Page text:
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Teachers, district to begin contract talks

One official says Pasco can't afford pay raises as large as those that Pinellas and Hillsborough teachers will get.


© St. Petersburg Times, published June 14, 2000

LAND O'LAKES -- With lawmakers pumping an additional $868-million into next year's state budget for public schools, legislators around the state have told teachers they can look forward to substantial raises next year.

Teachers in Hillsborough and Pinellas counties already won average pay raises of 8 percent and 7.7 percent, respectively. And with the Pasco County School District getting a 9-percent bump in state and local revenues next year, the district is under pressure from its employees to come up with an increase similar to neighboring counties'.

"I don't think there's any way we could do it," Chief Financial Officer Chuck Rushe said Tuesday.

The district and the union are scheduled to begin negotiating a new contract this morning. Union president Lynne Webb already told the School Board that Pasco must keep pace with its bigger neighbors if the district expects to compete against them in recruiting teachers. In fact, when 42 administrators head to a huge teacher job fair in Orlando next week, they'll be luring potential teachers with old salary schedules, while many of their biggest competitors will have in hand contracts with the new raises already included.

Webb said the district has more money for raises than it is letting on. It's all part of the pre-talk posturing between employees and management, she said.

"That's their typical opening stance," Webb said. "I've never heard a chief financial officer come out and say, "We've got a ton of money and we can't wait to give it away.' "

An entry-level teacher in Pasco County made $26,700 this year. First-year teachers in Pinellas will make $29,800 next year; in Hillsborough they will make $30,000.

Rushe said those figures for neighboring districts are misleading, however.

For example, Hillsborough collapsed the first seven years of its salary schedule, meaning teachers won't get a regularly-scheduled pay increase until their eighth year with the district. Pasco, on the other hand, includes annual salary bumps in its contract.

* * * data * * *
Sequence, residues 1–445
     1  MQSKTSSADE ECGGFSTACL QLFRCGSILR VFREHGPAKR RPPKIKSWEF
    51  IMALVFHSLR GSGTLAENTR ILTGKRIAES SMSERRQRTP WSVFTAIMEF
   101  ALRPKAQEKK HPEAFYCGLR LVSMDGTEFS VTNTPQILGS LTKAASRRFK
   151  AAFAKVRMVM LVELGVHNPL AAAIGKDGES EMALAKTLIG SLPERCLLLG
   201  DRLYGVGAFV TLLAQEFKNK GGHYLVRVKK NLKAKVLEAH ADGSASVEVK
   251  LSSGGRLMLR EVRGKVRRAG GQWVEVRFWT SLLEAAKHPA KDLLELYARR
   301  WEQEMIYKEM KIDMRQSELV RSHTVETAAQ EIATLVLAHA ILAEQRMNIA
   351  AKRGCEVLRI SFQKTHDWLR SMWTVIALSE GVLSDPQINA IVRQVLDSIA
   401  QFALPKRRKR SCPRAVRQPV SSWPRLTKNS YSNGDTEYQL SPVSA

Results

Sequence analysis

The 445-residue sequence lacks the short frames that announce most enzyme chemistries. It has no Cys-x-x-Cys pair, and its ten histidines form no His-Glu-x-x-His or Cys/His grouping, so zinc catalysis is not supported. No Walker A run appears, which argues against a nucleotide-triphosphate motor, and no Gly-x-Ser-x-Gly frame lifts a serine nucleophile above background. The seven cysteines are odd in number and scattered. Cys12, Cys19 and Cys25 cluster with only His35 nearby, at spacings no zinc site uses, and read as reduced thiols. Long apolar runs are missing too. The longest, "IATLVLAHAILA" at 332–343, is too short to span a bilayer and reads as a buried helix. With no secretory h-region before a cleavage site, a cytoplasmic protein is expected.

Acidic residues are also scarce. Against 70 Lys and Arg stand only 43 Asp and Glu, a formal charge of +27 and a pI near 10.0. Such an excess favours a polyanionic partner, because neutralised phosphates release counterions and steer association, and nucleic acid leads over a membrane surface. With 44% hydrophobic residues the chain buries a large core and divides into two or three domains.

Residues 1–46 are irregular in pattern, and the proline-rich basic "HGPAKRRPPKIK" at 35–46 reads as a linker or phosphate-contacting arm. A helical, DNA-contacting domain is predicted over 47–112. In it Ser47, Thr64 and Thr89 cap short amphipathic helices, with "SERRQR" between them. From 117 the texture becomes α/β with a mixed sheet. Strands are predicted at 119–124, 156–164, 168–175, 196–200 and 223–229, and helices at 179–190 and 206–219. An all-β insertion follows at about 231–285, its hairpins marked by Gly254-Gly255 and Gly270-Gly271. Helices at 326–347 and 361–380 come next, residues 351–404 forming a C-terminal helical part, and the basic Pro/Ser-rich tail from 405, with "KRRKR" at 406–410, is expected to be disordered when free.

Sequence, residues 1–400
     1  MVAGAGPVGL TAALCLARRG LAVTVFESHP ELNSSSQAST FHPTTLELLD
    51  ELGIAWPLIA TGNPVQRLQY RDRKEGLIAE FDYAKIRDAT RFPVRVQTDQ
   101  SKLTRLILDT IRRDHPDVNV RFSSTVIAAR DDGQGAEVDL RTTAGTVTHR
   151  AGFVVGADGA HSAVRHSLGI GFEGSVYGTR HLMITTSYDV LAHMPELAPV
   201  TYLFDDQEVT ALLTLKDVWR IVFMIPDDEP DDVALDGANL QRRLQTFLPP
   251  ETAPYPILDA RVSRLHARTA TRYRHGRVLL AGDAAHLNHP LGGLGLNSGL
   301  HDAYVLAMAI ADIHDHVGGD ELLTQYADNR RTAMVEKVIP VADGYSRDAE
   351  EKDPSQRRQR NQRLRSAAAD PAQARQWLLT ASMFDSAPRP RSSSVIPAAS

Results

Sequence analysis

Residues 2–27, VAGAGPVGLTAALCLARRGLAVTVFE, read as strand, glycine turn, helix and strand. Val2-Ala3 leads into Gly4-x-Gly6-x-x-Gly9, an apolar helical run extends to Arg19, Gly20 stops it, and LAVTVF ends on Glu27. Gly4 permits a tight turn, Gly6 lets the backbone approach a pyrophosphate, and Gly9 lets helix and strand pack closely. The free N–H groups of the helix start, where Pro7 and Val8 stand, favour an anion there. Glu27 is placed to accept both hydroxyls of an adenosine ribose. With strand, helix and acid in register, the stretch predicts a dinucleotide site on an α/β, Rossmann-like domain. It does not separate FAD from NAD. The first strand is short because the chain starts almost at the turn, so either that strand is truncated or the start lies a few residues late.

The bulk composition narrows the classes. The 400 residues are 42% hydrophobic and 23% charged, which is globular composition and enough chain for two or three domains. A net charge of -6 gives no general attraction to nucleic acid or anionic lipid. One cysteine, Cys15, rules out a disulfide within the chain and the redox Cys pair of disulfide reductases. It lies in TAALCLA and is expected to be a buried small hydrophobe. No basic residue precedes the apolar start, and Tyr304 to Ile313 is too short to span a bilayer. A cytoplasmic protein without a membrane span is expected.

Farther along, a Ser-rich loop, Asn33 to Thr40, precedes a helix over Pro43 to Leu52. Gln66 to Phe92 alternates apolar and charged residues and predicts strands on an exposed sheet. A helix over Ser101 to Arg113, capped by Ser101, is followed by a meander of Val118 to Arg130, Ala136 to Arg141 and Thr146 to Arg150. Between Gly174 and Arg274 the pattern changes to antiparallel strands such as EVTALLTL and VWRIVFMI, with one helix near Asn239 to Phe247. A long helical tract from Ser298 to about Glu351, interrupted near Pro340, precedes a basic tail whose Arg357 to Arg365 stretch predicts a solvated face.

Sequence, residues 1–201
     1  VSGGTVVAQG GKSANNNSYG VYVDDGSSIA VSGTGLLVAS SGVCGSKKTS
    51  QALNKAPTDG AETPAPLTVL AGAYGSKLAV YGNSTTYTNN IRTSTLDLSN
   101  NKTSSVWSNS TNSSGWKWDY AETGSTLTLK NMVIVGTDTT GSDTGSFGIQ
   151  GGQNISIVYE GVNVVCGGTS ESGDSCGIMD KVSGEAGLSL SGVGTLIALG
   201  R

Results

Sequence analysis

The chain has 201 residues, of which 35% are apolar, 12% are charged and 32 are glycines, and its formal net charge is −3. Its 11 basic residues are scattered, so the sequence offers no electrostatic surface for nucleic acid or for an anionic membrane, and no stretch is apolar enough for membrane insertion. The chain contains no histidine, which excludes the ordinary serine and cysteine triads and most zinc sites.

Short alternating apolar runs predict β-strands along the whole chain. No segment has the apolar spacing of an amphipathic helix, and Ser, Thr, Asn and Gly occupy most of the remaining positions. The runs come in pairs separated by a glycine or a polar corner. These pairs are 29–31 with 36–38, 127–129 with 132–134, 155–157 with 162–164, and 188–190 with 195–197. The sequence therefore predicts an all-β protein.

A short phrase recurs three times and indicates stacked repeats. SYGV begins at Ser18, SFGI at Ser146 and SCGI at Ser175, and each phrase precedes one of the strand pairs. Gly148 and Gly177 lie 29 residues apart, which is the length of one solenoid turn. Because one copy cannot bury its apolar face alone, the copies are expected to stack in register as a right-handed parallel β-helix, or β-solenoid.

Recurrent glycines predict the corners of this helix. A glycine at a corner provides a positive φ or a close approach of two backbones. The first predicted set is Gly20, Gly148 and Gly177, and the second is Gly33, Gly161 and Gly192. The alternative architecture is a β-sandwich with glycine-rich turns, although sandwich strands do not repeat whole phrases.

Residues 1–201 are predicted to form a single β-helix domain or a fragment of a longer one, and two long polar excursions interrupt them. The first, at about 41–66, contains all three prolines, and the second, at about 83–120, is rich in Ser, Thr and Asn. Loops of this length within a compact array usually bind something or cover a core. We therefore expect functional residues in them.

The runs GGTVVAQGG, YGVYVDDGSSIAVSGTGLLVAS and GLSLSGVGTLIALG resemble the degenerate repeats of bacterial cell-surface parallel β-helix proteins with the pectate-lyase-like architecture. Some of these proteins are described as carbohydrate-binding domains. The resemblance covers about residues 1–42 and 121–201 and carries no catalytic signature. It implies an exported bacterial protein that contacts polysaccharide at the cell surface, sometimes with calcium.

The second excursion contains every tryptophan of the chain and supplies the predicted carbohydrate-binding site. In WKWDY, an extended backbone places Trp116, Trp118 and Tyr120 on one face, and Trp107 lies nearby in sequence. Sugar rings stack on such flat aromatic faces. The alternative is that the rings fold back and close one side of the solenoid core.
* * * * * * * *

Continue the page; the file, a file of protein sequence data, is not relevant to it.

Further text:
Hillsborough teachers also are required to work a week longer than Pasco teachers, and that gives them an extra paycheck each year. Pinellas teachers also work more days than Pasco educators.

In Pinellas, new teaching recruits will receive a one-time $1,000 signing bonus bumping up their salaries close to those in Hillsborough. When Pinellas officials estimated their average pay raises, they lumped that bonus money into their calculations, which inflated the overall average increase, Rushe said.

Pasco will get an additional $19.8-million from the state and local tax rolls next year. About a third of that -- $6.5-million -- will immediately have to pay for the estimated 350 new teachers the district must hire as it prepares to open three new schools this August.

That leaves roughly $13.3-million to pay for all the district's new programs and pay raises. But the state mandates how much of that money can be spent, Rushe said. For example, $1.5-million of it must be spent on teacher recruitment; another $212,000 has been earmarked for transportation.

"The state dictates how that money must be spent," he said.

Throw in an estimated $4-million shortfall in the district's special education budget this year that must be replenished, and Rushe said he doesn't see how the district can match an 8-percent pay raise for teachers.

Webb acknowledged that asking for an 8-percent raise like Hillsborough's might be asking a lot of the district, but she believes there is enough money available for "decent raises."

"If the district wants to remain competitive, then they will have to make this a priority," she said.

- Staff writer Kent Fischer covers education in Pasco County. He can be reached in west Pasco at 869-6241 or (800) 333-7505, ext. 6241. His e-mail address is

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